Smoking Causes Heart DiseaseTobacco abuse is the largest preventable cause of death and disease in America. Tobacco kills more than 1/2 million Americans each year. Secondhand smoke is also a danger that kills 50,000 Americans a year. Tobacco abuse cost the healthcare system more than $350 billion a year. Tobacco is a major cause of cardiovascular diseases. 10 percent of all deaths worldwide can be contributed to smoking. According to World Health Organization, smoking kills half of its users. Smoking kills more than 8 million people worldwide, and more than 7 million of these deaths are directly linked to smoking
1. What Does Smoking Do to the Body?Smoking is a cause of significant morbidity and mortality worldwide. It is estimated that over 16 million Americans are living with a disease caused by smoking. Smoking causes cancer, stroke, heart disease, lung diseases, diabetes, emphysema, and bronchitis. Smoking increases the risk for tuberculosis and creates problems in the immune system. Smoking also causes erectile dysfunction.
2. What Are the Costs of Smoking?Smoking and heart disease cost Americans over $300 billion dollars a year. The diseases and disorders attributed to cigarette smoking are $170 billion dollars. The costs in lost productivity and premature death is estimated to cost over $156 billion. The smoking industry spends over $9 billion dollars on promoting cigarettes and smokeless tobacco.
3. How Is Smoking the Leading Cause of Preventable Deaths?More than 16 million Americans are living with a disease or disorder caused by smoking. Worldwide, smoking causes 6 million deaths a year. In the United States, smoking causes 500,000 deaths a year. Second-hand smoke kills 42,000 deaths a year. Research has shown that smokers die 10 years earlier than non-smokers. There is a definite link between smoking and heart disease.
4. What are Some Cigarette Smoking Cessation Aids?1. Nicotine patch: The nicotine patch is a small, self-adhesive patch that releases a slow, steady amount of nicotine into your body through your skin. 2. Nicotine gum: Nicotine gum is often used in combination with the nicotine patch and other quit-smoking medications. When you first start using nicotine gum, you can use a piece every one to two hours, up to 24 pieces a day. 3. Nicotine lozenges: Nicotine lozenges are tablets that contain a small amount of nicotine (2 mg or 4 mg). You place a lozenge between your gumline and cheek and suck it slowly, allowing it to dissolve. The nicotine enters your bloodstream as it’s absorbed through the lining of your mouth. 4. Nicotine inhaler: The nicotine inhaler is a device that gives you a small dose of nicotine. When you puff on the nicotine inhaler, nicotine vapor is released from a cartridge inside the device. The nicotine enters your bloodstream as it’s absorbed through the lining of your mouth and throat. It’s important to hold the vapor in your mouth for a few seconds and then blow it out — don’t inhale it into your lungs Sourced From Mayo Clinic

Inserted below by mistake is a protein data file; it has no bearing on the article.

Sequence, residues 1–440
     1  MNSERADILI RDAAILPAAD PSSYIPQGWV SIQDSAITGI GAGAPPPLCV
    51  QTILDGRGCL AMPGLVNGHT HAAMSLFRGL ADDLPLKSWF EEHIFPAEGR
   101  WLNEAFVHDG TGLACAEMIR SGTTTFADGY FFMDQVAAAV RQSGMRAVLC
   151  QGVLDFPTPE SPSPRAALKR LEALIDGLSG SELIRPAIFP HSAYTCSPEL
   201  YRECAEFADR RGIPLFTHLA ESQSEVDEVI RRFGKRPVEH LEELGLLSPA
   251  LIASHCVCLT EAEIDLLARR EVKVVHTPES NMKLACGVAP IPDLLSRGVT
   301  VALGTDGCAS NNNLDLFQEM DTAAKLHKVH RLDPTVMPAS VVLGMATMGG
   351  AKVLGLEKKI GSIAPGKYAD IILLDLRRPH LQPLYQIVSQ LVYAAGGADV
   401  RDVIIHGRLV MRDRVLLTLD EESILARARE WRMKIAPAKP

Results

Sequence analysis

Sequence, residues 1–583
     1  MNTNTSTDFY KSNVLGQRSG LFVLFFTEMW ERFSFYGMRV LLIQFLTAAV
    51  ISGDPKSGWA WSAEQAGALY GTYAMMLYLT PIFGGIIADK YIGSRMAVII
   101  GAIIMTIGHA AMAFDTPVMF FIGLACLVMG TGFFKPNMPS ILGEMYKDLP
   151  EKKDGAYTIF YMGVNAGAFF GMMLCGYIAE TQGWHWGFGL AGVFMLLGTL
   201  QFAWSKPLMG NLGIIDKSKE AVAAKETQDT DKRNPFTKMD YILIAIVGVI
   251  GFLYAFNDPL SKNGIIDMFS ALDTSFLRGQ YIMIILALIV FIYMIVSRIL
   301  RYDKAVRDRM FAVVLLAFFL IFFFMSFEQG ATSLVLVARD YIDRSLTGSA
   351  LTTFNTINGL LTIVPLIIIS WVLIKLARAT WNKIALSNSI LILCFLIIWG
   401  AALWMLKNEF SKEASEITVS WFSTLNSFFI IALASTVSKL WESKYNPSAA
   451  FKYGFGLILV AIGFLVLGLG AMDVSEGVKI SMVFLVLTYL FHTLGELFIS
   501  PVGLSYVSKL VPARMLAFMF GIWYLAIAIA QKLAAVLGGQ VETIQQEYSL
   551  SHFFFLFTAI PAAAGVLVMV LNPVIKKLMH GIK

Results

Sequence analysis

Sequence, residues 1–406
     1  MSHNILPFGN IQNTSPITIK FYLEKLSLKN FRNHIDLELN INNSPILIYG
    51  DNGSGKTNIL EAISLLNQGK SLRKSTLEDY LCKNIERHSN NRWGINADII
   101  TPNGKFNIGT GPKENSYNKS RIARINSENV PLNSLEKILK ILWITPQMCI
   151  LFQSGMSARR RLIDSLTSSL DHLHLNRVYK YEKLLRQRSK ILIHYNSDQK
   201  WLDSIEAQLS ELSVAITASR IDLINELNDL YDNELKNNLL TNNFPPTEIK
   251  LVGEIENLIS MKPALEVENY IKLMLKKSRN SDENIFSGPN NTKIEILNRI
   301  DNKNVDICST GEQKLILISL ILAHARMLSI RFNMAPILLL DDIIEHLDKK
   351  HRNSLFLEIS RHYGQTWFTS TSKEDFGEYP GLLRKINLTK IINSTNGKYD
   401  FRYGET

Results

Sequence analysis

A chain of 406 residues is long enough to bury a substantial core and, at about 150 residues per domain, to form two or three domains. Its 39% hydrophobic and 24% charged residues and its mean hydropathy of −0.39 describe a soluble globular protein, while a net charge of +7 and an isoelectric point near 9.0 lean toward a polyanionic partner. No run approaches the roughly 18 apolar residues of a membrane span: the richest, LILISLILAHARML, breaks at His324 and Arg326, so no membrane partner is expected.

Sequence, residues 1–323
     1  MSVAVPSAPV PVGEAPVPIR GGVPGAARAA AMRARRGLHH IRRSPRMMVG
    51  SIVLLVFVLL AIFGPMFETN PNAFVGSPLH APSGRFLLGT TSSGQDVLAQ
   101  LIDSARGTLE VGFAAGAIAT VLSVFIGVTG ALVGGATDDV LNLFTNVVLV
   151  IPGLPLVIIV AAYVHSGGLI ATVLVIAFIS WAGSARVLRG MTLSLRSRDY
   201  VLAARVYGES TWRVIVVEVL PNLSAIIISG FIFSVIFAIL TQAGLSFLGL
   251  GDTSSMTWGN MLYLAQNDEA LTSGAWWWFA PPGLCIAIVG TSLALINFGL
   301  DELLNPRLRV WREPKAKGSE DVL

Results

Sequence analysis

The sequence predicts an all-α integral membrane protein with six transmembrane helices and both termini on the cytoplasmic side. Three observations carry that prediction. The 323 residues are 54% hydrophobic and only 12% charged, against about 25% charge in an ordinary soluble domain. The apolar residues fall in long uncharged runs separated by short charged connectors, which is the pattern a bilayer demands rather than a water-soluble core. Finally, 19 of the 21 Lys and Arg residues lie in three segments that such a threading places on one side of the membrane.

5. Why Does Smoking Cause Heart Disease?Tobacco smoking is the leading preventable cause of death in the United States and an important cause of CHD. The effect of smoking on the cardiovascular system and coronary risk factors is pervasive. Cigarettes cause an increase in blood pressure and coronary artery resistance. Nicotine makes the blood “sticky” which means that it is more likely to clot. Smoking causes heart disease by thickening and narrowing the blood vessels.
6. Why is Secondhand Smoke Dangerous to the Heart?Secondhand smoke is dangerous because it is smoke that is breathed out by the smoker. Secondhand smoke causes almost 35,000 deaths from coronary artery disease, heart attack, and stroke. Non-smokers are 30% more likely to develop heart disease if they inhale secondhand smoke. Secondhand smoke interferes with the normal functioning of the heart, blood and vascular system.
Smoking Cessation Tools
- Some people are actually able to stop smoking cold turkey.
- Hypnotherapy – hypnosis, there are online programs and counseling
- Nicotine patches
- Nicotine gum, nicotine lozenges
My name is Phyllis Robinson MSN, RN. I have been a Registered Nurse for 27 years in the Cardiac Intensive Care Unit. I am passionate about cardiac care and heart disease. I also want this blog to be an educational tool that people can refer to for traditional and alternative treatment. I will blog on heart disorders such as high blood pressure, congestive heart failure, cardiomyopathy, and high cholesterol.
I received my Nursing degree from Baltimore Community College.
I went on to receive my Masters in Nursing from Walden University
I have worked for almost 30 years in Critical Care with a focus on heart health. I am an advocate of preventive healthcare.